Fat Mogul vs. the Pseudonym

DSC_0542Believe me, I’m the first to realize that it’s stupid of me to be against pseudonyms.  I mean, after all, almost every superhero ever goes by a moniker that’s not their own.  Heck, most of them also hide behind masks in order to keep their deeds separate from their everyday lives.  Mark Twain’s a much more iconic sounding name than Samuel Clemens (although I have to admit that I prefer the latter overall).

And there have been times in which pseudonyms have served a very important purpose.  Franklin W. Dixon, the name stamped on all Hardy Boys books, was a name much more likely to sell books written for boys than Leslie McFarlane.  I’d like to say that had to do with the times, but JK Rowling, the author of a series of books you may have heard of about wizards and monsters and stuff, was directed to use her first initial (and a made up middle initial) to keep the fact that she was female secret.

And, I’ll be completely honest, I long had considered utilizing a nom de plume for myself as well, although the names I came up with were things like Guy Awesome…you know, humble-sounding names 🙂

Anyways, I realize there are plenty of reasons to use pseudonyms.  Rowling’s attempt to separate her books from herself showed that people might not be quite as excited about her writing if, you know, her name’s not attached.

But I fear that there are several things that cause authors to utilize pen names instead of their real names that detract from their work altogether.  One such example I’ve found is the use of a name of another author who writes books in the same genre.  For serious… A while back, in my searchings of the internets for fellow writers to begin to get ideas about how to move forward with my own art, I was contacted by a fellow who had already gone down the self-publishing route.  He told me of his process and how little marketing he did and how he was now beginning to make enough money to consider quitting his day job, which happened to be a job that one would require a doctorate (or at the very least, a high level undergrad degree) to perform.  This seemed crazy to me.  I mean, I had read a little bit of his work at this point and it was pretty good, but, well…he was not doing anything special to separate himself from the crowd.

Of course, his name, which is a rather normal name, sounded familiar to me, and I did my standard google search to do a little background on the fellow.  Turns out his name was the name of a very well respected author in the genre.  Since the faked named guy claimed he did little to no marketing, I think it’s relatively safe to say there was a great deal of coat tail riding going on there.

Other authors seem to do it because they are looking for a name that matches their genre better.  I see this most often with romance and erotica writers.  Names like Jessica Smith (made up name, trying not to single anyone out since these are my friends we’re talking about here) just don’t look as nice on the cover of a book with Fabio standing bare-chested against the wind.  But Willow Fortnight (also made up) might.  And honestly, I can see the reasoning behind this change more than many.  Romance and erotica novels are all about the fantasy.  I mean, someone named Willow Fortnight sounds like someone who may have experienced pieces of the story within, you know, of the clean-shaven, not-stinky pirates who lovingly caress the protagonist’s body, instead of, you know, the thing real pirates like to do when they’re not pirating.  Jessica Smith, however, sounds like someone who made up the story while sitting in her cubicle, inbetween entering formulas into Microsoft Excel.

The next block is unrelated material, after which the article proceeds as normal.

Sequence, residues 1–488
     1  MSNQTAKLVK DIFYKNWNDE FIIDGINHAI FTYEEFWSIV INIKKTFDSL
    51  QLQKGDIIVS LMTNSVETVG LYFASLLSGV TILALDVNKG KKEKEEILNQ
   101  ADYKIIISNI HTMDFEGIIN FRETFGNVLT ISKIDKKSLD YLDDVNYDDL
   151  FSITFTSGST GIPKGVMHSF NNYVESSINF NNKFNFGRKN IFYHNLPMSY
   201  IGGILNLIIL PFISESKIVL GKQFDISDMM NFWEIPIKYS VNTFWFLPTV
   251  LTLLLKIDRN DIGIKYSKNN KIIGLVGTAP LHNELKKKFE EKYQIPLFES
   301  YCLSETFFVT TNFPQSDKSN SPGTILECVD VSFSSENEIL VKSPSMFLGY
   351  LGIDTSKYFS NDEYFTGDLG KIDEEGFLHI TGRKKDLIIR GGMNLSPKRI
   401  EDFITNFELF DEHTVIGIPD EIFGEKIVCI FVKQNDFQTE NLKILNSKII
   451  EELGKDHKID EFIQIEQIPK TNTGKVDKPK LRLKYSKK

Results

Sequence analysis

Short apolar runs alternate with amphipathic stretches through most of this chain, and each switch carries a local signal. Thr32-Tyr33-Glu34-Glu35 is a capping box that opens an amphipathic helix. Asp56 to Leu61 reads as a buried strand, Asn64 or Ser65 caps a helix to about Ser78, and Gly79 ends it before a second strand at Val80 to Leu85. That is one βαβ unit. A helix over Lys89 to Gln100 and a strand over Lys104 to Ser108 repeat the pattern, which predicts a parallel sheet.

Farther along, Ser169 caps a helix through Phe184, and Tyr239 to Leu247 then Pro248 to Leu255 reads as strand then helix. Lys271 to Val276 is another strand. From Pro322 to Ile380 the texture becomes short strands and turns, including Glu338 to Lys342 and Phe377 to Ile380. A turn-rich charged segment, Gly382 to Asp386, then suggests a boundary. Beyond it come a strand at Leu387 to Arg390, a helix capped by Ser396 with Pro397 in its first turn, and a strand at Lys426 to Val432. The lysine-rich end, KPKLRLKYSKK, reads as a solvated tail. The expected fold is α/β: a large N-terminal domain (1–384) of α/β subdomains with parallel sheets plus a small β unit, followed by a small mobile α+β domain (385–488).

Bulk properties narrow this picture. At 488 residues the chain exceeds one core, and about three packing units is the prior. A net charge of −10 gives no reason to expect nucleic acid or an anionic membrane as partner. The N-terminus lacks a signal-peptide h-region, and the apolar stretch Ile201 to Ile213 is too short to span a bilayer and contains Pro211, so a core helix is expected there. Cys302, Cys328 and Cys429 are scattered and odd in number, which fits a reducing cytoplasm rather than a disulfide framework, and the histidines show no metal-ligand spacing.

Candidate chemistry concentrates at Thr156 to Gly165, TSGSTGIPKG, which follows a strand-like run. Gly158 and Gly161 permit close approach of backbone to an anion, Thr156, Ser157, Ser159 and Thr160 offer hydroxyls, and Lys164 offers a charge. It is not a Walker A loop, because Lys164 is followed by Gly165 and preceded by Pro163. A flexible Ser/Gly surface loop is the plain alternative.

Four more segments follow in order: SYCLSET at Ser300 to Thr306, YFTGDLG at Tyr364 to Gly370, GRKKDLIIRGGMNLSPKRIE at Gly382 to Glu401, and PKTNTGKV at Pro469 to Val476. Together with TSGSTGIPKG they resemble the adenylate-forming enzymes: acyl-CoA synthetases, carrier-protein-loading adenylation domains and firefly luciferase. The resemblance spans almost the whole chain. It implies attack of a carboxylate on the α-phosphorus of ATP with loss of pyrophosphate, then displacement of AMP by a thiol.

There’s others yet who do it out of a fear of letting people know who they are.  Perhaps it’s a fear that when they become famous (you know, like all authors), they want to have that point of separation between their author self and their personal self.  I think the more common version (the reason that had me considering this route) is the fear of actually being seen as yet another one of those unsuccessful authors, constantly pimping their wares to an audience who doesn’t want you.  If I go around telling the world to buy my books as Adam Oster, that’s a direct definition of myself. My family and friends will see that and begin to think differently of me.  If I do so as Guy Awesome, well, that’s just what Guy Awesome does.  He’s a character I developed just to allow myself to shill like a good shill should.

In the end, however, I find it more refreshing to see an author stand proud behind their books, especially when talking about self-published writers.  Having folks who aren’t hiding behind a mask as they tell you about their latest Dinosaur Erotica makes you much more interested to read it than if you just find out that dinosaur erotica actually exists (which it unfortunately does, and yes, the authors use pseudonyms).

So, maybe I’m not actually against pseudonyms as much as I just hope that the folks using them aren’t doing so because of a lack of confidence in their writing.  I find for myself that the moment I’m not feeling confident about my writing abilities, my actual attempts at writing begin to suffer.  When I stand strong behind what I’m working on, not allowing myself to think of it as some sort of silly drivel, that’s when I am actually able to see the story take shape and become something more than the rather goofy idea that started it all off.

And, if you’re choosing a pseudonym, you can’t have Guy Awesome.  That one’s mine!

Have fun out there!


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